This NIH Long COVID Computational Challenge (L3C) seeks to spur and reward the development of AI/ML models to identify which patients infected with SARS-CoV-2 are likely to develop PASC/Long COVID.
The National Institutes of Health, through the Office of the Director, is launching the NIH Long COVID Computational Challenge (L3C). The overall prevalence of post-acute sequelae of SARS-CoV-2 (PASC), also known as Long COVID, is currently unknown, but there is growing evidence that more than half of COVID-19 survivors experience at least one symptom of PASC/Long COVID at six months after recovery of the acute illness. Reports also reflect an underlying heterogeneity of symptoms, multi-organ involvement, and persistence of PASC/Long COVID in some patients. Research is ongoing to understand prevalence, duration, and clinical outcomes of PASC/Long COVID. Symptoms of fatigue, cognitive impairment, shortness of breath, and cardiac damage, among others, have been observed in patients who had only mild initial disease. The breadth and complexity of data created in today’s health care encounters require advanced analytics to extract meaning from longitudinal data on symptoms, laboratory results, images, functional tests, genomics, mobile health/wearable devices, written notes, electronic health records (EHR), and other relevant data types. Advanced development of software tools and computing capacity has allowed artificial intelligence (AI)/machine learning (ML) approaches that are increasingly demonstrating the potential to provide insight into patient-level data from large amount of data, to better understand the effects of SARS-CoV-2 on patients.
In addition to differentiating the diverse clinical manifestations of PASC/Long COVID and better defining the sub-types, identifying prognostic factors leading to PASC/Long COVID is essential for providers who wish to better predict and prevent PASC/Long COVID from developing in their patients. Understanding risk factors may also help clinicians better understand the underlying etiology of PASC/Long COVID. In addition to individual features, clusters of pre-existing comorbidities, or combinations of those conditions with certain early medical managements, may be predictive of whether patients may eventually experience PASC/Long COVID.
The primary objective of the Challenge is to spur and reward the development of AI/ML models and algorithms that serve as open-source tools for using structured medical records to identify which patients infected with SARS-CoV-2 have a high likelihood of developing PASC/Long COVID. This Challenge invites solutions that explore the probability of developing PASC/Long COVID among patients who have tested positive for SARS-CoV-2 in an outpatient or inpatient (ICU or non-ICU) setting. Models will be evaluated using patients who have an ICD code U09.9 recorded in the dataset to label true positive of patients with PASC/Long COVID.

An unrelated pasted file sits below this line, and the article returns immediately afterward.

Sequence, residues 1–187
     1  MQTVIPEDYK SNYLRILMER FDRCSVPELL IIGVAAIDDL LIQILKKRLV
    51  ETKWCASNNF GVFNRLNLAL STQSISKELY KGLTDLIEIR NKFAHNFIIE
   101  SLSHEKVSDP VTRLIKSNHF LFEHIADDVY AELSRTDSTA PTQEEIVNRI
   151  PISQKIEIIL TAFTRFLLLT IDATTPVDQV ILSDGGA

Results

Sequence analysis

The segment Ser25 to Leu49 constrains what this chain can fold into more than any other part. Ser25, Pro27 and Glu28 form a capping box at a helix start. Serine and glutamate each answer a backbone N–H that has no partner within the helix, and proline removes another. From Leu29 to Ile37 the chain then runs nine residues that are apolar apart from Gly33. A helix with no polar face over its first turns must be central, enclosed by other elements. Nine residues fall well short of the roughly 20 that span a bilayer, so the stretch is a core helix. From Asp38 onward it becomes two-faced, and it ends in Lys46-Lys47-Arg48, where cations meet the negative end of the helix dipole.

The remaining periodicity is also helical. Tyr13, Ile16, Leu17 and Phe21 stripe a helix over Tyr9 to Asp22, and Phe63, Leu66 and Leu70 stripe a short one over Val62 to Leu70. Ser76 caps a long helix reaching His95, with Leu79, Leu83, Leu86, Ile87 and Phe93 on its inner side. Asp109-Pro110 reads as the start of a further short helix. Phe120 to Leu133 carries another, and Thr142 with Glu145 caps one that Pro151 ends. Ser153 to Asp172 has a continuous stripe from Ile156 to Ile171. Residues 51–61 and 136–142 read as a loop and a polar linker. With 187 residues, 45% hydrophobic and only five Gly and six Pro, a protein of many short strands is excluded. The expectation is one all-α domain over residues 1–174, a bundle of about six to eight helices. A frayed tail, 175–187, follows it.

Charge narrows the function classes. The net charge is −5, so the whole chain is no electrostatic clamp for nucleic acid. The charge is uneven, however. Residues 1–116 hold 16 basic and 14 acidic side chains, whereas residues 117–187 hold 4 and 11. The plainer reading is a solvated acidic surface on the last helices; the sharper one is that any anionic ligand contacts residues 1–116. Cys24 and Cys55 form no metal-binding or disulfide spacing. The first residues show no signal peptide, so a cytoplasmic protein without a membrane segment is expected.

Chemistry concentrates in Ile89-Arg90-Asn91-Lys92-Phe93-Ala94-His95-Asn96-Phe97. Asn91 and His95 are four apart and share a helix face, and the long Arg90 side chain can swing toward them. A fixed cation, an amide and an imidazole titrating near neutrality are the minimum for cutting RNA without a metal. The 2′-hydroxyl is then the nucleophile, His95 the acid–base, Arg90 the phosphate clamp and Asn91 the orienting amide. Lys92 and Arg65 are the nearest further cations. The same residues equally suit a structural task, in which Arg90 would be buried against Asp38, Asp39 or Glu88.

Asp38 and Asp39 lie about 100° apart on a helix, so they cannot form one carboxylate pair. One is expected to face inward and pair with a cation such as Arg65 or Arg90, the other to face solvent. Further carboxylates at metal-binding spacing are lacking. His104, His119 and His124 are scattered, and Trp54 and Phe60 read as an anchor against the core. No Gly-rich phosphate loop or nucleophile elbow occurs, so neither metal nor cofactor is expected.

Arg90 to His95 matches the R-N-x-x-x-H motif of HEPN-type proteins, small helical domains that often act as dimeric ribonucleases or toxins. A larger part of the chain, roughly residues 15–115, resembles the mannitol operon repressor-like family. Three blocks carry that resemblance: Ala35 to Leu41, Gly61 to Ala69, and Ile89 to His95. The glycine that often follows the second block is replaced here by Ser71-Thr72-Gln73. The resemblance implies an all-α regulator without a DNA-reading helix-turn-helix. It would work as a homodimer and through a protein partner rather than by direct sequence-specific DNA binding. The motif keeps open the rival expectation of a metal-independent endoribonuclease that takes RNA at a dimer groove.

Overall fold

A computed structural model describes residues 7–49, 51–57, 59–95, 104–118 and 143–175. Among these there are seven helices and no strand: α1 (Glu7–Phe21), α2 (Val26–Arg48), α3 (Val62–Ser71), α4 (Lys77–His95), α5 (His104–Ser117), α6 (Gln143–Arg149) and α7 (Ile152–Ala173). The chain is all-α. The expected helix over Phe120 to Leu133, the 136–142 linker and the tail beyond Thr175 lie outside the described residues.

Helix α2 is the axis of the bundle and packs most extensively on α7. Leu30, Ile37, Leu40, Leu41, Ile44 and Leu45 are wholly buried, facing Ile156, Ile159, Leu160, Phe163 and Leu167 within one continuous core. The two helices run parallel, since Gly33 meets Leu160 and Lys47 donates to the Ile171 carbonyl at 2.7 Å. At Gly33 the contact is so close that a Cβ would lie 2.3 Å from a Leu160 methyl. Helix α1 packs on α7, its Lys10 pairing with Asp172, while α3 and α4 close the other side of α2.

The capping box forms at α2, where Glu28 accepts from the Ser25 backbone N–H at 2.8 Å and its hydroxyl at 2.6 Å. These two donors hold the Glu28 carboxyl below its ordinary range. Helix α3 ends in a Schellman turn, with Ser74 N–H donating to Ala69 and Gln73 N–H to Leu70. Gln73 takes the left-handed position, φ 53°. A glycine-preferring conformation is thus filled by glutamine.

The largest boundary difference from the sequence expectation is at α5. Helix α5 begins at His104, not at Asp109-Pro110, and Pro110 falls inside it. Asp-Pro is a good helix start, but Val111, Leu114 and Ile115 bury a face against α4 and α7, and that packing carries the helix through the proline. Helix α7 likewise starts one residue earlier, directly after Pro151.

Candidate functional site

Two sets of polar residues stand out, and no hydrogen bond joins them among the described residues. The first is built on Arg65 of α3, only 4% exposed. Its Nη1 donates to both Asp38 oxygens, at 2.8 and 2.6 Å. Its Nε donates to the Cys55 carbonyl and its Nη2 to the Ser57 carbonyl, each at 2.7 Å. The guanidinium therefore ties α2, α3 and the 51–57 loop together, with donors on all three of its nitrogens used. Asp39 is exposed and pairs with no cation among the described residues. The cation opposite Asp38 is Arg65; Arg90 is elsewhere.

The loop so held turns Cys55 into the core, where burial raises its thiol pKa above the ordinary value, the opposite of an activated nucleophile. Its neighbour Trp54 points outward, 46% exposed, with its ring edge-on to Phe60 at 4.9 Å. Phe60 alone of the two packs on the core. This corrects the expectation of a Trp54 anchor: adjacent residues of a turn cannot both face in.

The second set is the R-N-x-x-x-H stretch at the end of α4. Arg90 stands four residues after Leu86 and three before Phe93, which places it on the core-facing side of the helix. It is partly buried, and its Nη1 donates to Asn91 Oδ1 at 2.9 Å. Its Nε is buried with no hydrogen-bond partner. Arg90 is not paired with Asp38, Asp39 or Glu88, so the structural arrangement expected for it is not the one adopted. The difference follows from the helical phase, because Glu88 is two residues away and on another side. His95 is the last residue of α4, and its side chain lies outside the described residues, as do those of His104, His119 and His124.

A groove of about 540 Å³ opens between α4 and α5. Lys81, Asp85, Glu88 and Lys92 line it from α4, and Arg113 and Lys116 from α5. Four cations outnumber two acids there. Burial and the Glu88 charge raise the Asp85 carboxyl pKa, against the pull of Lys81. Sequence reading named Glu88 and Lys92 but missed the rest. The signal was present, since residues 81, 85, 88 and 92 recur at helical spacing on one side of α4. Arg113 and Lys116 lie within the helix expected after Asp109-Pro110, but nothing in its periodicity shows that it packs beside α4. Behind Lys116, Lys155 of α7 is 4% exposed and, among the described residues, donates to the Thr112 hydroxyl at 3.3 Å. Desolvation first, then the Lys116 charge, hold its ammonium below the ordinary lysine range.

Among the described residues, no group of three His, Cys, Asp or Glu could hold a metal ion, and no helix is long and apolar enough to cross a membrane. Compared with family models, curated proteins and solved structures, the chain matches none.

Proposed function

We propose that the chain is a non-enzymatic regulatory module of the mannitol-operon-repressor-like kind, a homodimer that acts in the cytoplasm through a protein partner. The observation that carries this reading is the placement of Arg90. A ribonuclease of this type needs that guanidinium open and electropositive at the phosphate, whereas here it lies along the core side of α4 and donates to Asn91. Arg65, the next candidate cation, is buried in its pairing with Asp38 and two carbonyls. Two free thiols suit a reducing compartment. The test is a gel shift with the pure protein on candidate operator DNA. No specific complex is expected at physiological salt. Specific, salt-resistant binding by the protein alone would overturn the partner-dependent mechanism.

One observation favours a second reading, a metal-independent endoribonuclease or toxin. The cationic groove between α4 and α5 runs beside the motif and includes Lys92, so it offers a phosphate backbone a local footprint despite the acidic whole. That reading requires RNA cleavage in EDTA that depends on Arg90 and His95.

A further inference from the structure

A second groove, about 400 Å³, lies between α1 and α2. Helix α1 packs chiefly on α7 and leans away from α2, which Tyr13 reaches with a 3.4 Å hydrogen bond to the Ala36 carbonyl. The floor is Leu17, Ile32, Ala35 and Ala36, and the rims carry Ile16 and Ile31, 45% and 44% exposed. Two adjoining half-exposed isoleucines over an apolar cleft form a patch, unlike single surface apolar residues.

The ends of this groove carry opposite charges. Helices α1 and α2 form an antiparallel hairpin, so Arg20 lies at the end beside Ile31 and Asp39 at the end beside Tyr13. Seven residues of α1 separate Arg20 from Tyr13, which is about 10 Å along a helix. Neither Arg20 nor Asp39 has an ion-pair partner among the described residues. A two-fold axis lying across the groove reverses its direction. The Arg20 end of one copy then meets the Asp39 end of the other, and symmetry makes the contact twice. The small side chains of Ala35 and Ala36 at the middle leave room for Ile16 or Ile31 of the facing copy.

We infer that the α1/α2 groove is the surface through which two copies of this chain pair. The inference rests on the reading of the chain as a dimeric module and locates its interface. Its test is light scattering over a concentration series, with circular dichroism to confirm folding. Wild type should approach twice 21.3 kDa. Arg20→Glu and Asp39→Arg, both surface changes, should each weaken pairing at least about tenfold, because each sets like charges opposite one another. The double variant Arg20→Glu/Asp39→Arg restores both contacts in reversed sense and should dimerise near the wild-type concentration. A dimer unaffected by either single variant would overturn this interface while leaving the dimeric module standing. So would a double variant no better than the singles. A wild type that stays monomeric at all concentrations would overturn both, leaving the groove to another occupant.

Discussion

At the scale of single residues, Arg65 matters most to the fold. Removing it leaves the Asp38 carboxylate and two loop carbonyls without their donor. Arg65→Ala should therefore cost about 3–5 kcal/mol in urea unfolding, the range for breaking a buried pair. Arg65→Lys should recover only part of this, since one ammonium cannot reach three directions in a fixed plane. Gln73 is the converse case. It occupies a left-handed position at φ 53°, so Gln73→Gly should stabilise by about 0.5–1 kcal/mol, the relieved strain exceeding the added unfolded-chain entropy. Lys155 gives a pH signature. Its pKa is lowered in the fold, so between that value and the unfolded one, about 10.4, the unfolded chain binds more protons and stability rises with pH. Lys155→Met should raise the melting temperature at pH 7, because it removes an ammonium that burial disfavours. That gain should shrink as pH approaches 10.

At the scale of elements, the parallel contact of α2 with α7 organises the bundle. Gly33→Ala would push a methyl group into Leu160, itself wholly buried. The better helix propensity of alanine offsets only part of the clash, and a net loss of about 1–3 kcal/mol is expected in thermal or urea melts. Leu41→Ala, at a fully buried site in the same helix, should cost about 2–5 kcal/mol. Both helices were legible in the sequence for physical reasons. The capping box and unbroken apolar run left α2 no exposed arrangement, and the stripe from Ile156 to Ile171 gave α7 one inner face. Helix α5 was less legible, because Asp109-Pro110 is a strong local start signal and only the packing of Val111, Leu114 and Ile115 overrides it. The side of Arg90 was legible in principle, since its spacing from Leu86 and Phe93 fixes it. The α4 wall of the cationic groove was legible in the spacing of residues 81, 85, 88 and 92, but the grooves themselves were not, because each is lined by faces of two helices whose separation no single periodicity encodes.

Depending on the success of the Challenge, unmet needs, and availability of funds, there is a possibility that NIH might announce future challenges or other funding opportunities to further develop these models and algorithms into clinical decision support tools for evaluating susceptibility to PASC/Long COVID as well as understanding the risk of specific clinical outcomes and the effectiveness of early interventions in preventing PASC/Long COVID.
The working definition of PASC/Long COVID continues to change with new evidence and is challenging given the multiorgan effects seen in this new disease (see PASC Fact Sheet (recovercovid.org)). An ICD-10 code, U09.9, was released for clinical use on October 21, 2021, and is a starting point for the medical community to start classifying suspected PASC/Long COVID cases in a structured manner. While many patients in the National COVID Cohort Collaborative (N3C) Data Enclave are already identified by this code for reimbursement purposes, other N3C patients with PASC/Long COVID may not have the code but could still potentially have undiagnosed PASC. For this Challenge, the U09.9 ICD-10 code will be used to identify patients with PASC/Long COVID for model-training purposes. Evaluation of top features that could be important predictors of developing PASC but have not previously been identified in the scientific literature will be considered as part of the qualitative metrics.
Challenge participants are expected to develop, train, and test their models to aid in prognosing the susceptibility to and likelihood of developing PASC/Long COVID in patients with SARS-CoV-2 infection. Challenge participants must utilize de-identified electronic health record data available through National Center for Advancing Translational Science’s (NCATS’s) N3C Data Enclave. Data will be made available through NCATS’s – N3C Data Enclave, which is a central, harmonized data repository that represents electronic health records from over 74 health centers across the U.S. To protect patient privacy, de-identified data provides information useful to researchers without revealing any information that could identify individual patients. The N3C Data Enclave uses the Observational Medical Outcomes Partnership (OMOP) common data model version 5.3 (https://ohdsi.github.io/CommonDataModel/cdm53.html), which facilitates reproducibility and interoperability.